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Obesity in the UK

Obesity in the UK

Finding Effective Solutions For Obesity In The UK

How fat is our nation? The US has one of the highest rates of obesity in the world, but our nation is not the only one suffering from the fast foods and lack of exercise that cause obesity and the surrounding health issues.

A journalist for the UK’s Guardian Newspaper and social affairs correspondent for Channel 4 News, Victoria Macdonald, interview several doctors and politicians to find out the real scope on obesity in the UK.

Obesity In The UK

Obesity is a growing problem in the UK. A government report suggests almost nine in ten adults and two-thirds of children will be obese or overweight by the year 2050, unless we act now.
In one tale of defeat, doctors in a south of England hospital said they had to remove the arms from the chairs in the pediatric unit waiting room because obese children and their obese parents were in danger of becoming stuck every time they sat down.

According to Macdonald one doctor said somewhat despairingly that when he sees the overweight child, accompanied by the overweight mother and the overweight grandmother, he fears that he will make no significant impact on that young person’s health. That they will, in their turn, grow up to be obese and will very likely suffer from the associated health problems, such as diabetes or heart disease.

Trying to warn a whole nation on the dangers of eating is difficult task. “Smoking Kills” is an easy message to get across but “overeating kills” is a little more complex.

“We talk about people being ‘at risk of obesity’ instead of talking about people who eat too much and take too little exercise,” says Tory leader David Cameron.

The general consensus among politicians is to take an approach of libertarian paternalism – otherwise known as Nudge. This political concept states that all individuals should be free to make their own choices, but that sometimes they need the tools to help them make the right choice, in other words, a nudge.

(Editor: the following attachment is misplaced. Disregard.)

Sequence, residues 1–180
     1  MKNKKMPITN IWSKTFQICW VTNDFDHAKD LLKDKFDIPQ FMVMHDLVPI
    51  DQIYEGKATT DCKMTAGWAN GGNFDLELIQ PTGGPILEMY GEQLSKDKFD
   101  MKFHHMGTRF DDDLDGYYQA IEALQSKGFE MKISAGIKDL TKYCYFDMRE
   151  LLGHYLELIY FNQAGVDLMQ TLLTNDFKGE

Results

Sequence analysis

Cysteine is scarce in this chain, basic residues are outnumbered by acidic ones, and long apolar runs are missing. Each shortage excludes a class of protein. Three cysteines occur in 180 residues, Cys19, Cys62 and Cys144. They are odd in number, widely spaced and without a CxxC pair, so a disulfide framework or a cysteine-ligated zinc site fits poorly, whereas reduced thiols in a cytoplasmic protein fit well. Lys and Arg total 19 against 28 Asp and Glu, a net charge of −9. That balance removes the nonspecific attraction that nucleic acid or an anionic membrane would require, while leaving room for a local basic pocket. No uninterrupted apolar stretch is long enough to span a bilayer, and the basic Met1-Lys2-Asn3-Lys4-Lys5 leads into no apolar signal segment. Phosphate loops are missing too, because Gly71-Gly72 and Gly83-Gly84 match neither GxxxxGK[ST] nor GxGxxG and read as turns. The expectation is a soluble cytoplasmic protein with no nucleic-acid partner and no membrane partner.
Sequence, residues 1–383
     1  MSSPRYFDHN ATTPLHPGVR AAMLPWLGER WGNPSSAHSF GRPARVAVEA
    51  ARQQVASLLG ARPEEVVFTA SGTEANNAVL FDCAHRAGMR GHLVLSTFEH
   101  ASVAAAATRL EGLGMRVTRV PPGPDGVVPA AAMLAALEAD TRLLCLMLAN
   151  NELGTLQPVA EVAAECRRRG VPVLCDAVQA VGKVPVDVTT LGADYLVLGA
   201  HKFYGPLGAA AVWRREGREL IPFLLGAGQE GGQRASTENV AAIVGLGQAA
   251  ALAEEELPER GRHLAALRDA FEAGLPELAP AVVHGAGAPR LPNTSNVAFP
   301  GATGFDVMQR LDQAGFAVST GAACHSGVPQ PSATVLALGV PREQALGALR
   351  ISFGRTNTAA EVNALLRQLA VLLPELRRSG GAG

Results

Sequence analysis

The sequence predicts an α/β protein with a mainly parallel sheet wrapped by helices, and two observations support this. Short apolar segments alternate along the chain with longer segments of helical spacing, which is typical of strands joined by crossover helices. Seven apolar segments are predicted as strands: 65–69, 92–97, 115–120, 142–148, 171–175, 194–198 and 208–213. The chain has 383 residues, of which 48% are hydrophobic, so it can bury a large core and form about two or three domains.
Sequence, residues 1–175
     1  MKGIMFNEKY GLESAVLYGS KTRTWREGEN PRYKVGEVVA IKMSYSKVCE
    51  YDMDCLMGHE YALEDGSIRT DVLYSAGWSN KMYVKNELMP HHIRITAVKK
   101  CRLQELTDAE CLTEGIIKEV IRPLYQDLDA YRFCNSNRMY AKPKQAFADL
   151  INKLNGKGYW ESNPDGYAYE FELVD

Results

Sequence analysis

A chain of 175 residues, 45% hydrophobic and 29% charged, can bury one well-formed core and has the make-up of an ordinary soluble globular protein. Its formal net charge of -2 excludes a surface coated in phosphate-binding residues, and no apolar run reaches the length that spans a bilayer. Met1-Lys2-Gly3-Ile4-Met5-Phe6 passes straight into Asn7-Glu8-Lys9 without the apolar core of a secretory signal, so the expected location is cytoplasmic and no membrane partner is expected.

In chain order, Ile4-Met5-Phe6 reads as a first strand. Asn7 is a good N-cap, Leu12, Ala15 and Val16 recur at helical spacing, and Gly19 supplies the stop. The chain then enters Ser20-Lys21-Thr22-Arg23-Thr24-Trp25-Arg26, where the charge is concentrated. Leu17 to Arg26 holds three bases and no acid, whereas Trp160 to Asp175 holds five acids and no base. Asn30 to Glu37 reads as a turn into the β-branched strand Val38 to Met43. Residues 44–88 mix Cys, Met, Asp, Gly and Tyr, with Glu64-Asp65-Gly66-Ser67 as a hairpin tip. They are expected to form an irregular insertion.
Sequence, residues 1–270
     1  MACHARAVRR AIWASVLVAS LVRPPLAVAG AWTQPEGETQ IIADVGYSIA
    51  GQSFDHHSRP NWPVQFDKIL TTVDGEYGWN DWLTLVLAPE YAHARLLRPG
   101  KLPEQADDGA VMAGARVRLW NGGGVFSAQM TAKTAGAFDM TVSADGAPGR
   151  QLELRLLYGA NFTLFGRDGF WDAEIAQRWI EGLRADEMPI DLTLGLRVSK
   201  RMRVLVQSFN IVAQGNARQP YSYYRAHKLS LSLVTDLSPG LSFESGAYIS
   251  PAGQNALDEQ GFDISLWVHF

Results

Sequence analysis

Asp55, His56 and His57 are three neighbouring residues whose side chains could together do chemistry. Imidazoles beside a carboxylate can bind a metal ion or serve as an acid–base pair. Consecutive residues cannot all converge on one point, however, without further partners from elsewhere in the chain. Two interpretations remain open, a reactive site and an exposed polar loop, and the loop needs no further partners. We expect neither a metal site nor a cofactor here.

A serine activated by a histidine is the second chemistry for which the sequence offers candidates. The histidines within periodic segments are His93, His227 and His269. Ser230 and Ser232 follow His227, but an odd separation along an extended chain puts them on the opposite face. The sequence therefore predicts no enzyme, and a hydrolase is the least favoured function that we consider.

The health secretary, Alan Johnson told a Fabian Society meeting last week that obese people must not be vilified, that lecturing them will not make them change their behavior. Instead, obesity requires all of society to engage, to fight this battle, he said, describing a “broader partnership, not only with families, but with employers, retailers, the leisure industry, the media, local government and the voluntary sector”.

Telling a nation to exercise more and eat five vegetables a day; or telling kids not to eat too much junk will simply not work. Instead, more subtle approaches need to be taken. For example, planning laws should change so there are no fast-food outlets at the school gates; playing fields and sports facilities need to be more accessible and more importantly “everyone, from the smallest community keep-fit class to the biggest retailers in the land” need to join in, Johnson said.

On the day Johnson made his Fabian Society speech, he also announced that several companies including Coca-Cola, Kellogg’s and Nestle, all headed by the Advertising Association, had “pledged” more than £200m towards tackling obesity.

While this may seem like a step in the right direction, the “£200m” claim needs to be treated with a pinch of salt. These very companies often entice the public by way of promotional offers. In one example Cadbury offered a free football net in return for a number of chocolate bar wrappers. So how many chocolate bars would one have to eat to “win” one football net? Only 5,400.

Unless big corporations and food manufacturers get together with the government and put in place a real structure for tackling obesity, the UK’s overweight epidemic may be here to stay.

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